Hussam Abdo

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Hussam Muhammad Bilal Abdo (Arabic: حسام محمد بلال عبده; born 24 February 1990[1]) is a Palestinian from the Masahiya area of Nablus, who, as a teenager, made international headlines on 24 March 2004, when he entered the Hawara Checkpoint in the West Bank, with eight kilos (18 lbs) of explosives strapped to his body as part of a suicide attack attempt.

The incident[edit]

Abdo, then reportedly aged 16,[2] approached the checkpoint running towards the soldiers, wearing 8 Kilograms (18 lbs) of explosives on a vest with the activation switch in his hands. When the Israeli soldiers noticed something suspicious about the boy, they directed their weapons at him and he became startled and raised his arms without detonating the belt. He was then ordered to raise his shirt and the explosives belt was discovered. After all the people were ordered to safety, a specialized Bomb disposal robot was sent to him with a pair of scissors, so that he could cut off the explosives, all the while telling soldiers that he did not want to die. He was then searched for more bombs but none were found and the bomb taken from Abdo's vest was later exploded at a safe area. The commanding officer at the checkpoint noted that it is possible that the boy tried to activate the explosive belt but that "it did not work".

Media reported that Abdo said he was offered 100 NIS and promised sex with the promised virgins and Israeli security forces added that in the inquiry it was found that Abdo was unpopular among his fellow students and that his friends would mock him. Fatah's military wing of Al-Aqsa Martyrs' Brigades from the Balata refugee camp in Nablus took responsibility for the sending of the boy.[3]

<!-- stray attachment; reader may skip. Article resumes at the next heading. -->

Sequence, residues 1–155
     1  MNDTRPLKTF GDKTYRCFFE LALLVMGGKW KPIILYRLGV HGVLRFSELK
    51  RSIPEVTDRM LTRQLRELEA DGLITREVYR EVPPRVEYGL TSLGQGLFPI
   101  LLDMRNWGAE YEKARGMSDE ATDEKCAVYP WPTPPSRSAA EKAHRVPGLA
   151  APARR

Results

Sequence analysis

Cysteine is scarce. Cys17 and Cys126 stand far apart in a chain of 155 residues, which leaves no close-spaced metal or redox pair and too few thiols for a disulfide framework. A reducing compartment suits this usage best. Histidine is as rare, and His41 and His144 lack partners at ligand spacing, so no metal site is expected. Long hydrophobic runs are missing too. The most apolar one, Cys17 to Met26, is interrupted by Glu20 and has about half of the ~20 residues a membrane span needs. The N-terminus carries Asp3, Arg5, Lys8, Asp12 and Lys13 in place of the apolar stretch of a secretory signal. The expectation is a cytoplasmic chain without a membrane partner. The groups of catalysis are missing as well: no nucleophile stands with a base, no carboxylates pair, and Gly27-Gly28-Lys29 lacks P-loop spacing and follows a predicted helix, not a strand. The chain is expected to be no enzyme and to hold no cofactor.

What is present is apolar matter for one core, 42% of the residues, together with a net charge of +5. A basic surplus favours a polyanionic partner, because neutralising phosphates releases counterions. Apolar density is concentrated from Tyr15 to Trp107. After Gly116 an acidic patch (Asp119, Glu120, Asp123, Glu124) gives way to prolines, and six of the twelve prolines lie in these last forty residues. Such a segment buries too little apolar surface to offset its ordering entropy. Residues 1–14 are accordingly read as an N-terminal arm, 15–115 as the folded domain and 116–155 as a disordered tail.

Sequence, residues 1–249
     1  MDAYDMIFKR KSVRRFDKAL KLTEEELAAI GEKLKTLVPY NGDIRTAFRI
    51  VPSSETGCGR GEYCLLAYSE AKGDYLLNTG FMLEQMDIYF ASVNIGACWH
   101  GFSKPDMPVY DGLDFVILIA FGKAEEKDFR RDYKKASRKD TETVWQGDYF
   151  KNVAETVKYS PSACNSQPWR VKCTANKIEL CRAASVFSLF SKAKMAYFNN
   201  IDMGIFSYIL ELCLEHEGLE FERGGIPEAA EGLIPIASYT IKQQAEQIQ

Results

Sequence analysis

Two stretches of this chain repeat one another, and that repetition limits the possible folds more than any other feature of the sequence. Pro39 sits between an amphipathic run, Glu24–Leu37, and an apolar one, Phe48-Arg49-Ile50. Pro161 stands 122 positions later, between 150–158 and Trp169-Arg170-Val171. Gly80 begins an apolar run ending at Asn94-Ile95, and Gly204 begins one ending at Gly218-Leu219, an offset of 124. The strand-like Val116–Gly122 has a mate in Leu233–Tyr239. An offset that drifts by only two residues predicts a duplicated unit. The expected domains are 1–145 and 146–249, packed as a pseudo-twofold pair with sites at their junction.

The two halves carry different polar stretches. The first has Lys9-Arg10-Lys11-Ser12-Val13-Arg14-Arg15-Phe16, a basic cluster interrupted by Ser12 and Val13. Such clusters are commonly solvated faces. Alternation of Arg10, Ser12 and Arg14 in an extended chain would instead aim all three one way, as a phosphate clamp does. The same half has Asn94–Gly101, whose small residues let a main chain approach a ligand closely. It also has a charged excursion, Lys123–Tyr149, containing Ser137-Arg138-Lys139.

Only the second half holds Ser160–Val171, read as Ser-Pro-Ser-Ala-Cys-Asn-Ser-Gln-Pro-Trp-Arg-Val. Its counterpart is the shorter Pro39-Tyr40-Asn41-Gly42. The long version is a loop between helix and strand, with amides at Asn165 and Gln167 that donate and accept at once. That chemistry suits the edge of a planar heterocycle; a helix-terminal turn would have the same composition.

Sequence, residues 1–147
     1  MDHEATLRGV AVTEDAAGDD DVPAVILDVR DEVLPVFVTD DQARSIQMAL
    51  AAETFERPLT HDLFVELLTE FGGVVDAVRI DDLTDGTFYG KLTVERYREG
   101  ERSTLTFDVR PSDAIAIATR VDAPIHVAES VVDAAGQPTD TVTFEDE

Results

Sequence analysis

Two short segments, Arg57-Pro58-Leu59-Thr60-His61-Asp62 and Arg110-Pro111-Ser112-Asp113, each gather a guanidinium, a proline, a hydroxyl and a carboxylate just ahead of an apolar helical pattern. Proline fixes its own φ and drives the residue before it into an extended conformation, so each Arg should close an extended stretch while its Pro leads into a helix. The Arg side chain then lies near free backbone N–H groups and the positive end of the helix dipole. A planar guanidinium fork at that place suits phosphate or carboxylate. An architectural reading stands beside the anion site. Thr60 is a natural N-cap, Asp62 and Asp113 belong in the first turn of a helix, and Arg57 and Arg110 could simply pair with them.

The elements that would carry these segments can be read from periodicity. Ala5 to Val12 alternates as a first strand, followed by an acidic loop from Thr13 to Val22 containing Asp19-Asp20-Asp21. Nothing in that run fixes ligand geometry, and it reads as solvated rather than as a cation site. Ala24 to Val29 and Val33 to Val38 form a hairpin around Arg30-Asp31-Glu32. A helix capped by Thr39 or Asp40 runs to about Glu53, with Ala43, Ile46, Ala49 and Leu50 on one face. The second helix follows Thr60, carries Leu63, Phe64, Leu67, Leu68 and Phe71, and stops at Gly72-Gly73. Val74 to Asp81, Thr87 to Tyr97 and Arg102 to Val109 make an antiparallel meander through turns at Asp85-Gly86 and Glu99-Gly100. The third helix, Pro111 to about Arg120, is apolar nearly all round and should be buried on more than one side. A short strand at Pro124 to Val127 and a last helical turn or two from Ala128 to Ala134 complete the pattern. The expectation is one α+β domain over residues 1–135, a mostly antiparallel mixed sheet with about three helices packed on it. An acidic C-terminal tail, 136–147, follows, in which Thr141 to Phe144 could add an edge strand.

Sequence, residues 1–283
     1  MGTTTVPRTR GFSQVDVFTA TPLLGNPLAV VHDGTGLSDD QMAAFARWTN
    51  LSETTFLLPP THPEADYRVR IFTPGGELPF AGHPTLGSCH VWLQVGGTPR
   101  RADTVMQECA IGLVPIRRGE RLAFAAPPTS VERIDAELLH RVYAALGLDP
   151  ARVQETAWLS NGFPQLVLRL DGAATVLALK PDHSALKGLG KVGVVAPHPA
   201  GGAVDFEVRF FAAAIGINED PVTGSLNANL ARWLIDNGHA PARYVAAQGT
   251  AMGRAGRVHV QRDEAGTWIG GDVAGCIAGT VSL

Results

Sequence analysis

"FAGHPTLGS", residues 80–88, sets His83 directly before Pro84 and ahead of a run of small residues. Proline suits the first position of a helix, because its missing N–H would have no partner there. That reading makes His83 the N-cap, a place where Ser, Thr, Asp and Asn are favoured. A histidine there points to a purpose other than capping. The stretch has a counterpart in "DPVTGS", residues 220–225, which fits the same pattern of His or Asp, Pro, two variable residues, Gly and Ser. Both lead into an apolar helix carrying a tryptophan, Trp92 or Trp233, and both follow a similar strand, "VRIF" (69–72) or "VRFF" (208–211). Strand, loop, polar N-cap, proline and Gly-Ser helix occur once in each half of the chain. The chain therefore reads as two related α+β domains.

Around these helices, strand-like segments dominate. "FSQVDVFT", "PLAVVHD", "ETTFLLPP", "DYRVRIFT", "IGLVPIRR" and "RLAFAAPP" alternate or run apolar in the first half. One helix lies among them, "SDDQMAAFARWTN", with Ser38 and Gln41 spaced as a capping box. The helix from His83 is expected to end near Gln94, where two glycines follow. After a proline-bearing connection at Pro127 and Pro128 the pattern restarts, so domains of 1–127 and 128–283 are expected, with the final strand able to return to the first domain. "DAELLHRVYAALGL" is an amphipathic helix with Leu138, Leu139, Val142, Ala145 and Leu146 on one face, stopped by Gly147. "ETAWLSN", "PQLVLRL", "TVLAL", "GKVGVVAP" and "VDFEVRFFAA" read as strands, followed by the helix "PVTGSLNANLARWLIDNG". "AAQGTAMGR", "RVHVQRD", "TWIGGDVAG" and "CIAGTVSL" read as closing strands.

When asked on Israeli television to give the reason for his attempted attack, Abdo said "because of the people". When this was repeated back to him in the form of a question, he responded, "they don't love me". He was then asked by a reporter if he also thought about paradise, and nodded his head.[4] The Jerusalem Post quoted Hussam as saying his handlers told him that blowing himself up is the only chance he'd have at sex with 72 virgins in the Garden of Eden.[5]

The Age reported that Hussam said, in an interview, that after years of bullying by classmates, he wanted to reach the paradise he had learned about in Islamic teachings.[6]


In July 2004, the BBC was allowed an interview with Abdo in an Israeli jail in which he detailed the trail of mission. He said he was recruited by his friend Nasser, a 16-year-old classmate who approached him asking Abdo if he would find him a "martyr bomber", to which Abdo replied he'll do it. Abdo was then taken to Wael, a 21-year-old member of the Al-Aqsa Martyrs' Brigades who took him to a third militant who put the bomb belt on the boy and both took pictures of him. Abdo described his feelings towards the people who sent him as 'normal' and noted that one of them is also in prison and that they are friends. When asked about the reasons for the attack, Abdo stated it was because his friend was killed and also because he desired to be relieved of school.[7]